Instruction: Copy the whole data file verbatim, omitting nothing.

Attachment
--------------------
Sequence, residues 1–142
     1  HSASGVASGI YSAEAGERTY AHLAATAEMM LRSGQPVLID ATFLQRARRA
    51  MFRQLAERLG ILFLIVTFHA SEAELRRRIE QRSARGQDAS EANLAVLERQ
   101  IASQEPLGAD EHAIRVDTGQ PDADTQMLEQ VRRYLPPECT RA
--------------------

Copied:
Sequence, residues 1–142
     1  HSASGVASGI YSAEAGERTY AHLAATAEMM LRSGQPVLID ATFLQRARRA
    51  MFRQLAERLG ILFLIVTFHA SEAELRRRIE QRSARGQDAS EANLAVLERQ
   101  IASQEPLGAD EHAIRVDTGQ PDADTQMLEQ VRRYLPPECT RA